The Declaration of The Rights of Men and Of Citizens - An Analysis in Five Parts
The Declaration of The Rights of Man and of Citizens begins with a clear stipulation of intrinsic freedom and equality in every man. Equality, therefore, seems to be an appropriate place to begin. The Declaration defines our equality in relation to our rights, such that we are all born with the same entitlements and among them the right to perpetuate such rights throughout our lives.
Each and every one of us is entitled to the expression of the will of a community (which, according to Rousseau, is the collective will of the constituent individuals). In a similar light, the law is to regard each individual without bias; performing its duty of punishment or protection as justice sees fit. The sixth section of the declaration states that:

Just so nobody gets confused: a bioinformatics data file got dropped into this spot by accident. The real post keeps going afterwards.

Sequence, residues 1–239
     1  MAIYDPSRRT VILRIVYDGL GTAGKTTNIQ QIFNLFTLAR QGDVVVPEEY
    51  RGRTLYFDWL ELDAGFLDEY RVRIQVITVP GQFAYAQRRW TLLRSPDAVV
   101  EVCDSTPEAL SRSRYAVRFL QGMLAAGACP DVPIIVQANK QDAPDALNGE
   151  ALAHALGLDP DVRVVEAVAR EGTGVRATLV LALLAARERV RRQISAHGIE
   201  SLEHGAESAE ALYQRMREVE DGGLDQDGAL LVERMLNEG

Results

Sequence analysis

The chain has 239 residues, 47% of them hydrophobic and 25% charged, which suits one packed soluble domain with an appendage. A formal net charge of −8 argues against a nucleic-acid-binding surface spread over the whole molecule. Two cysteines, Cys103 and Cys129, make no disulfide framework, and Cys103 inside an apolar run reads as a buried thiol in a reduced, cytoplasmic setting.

"All being equal in its sight, are equally eligible to all honours, places and employments, according to their different abilities, without any other distinction than that created by their virtues and talents."
Effectually, this levels the metaphorical playing field, rightly empowers the skilful and the able while ensuring men are distinguished not by the colour of their skin, nor by their religion and neither by their wealth - but by their merits and abilities.
Unfortunately that has never been so. There are a plethora of sordid historical examples that contravene section VI. The apartheid, holocaust and slave trade are amongst the many historical events that have grossly violated the former section. Nepotism, racism, sexism and segregation still ail society and contribute to its atrophic senescence.
One audacious claim is that every man is innocent, until proven guilty by the law. The present Catholic Church disagrees, believing than everyone is born with the burden of original sin. It...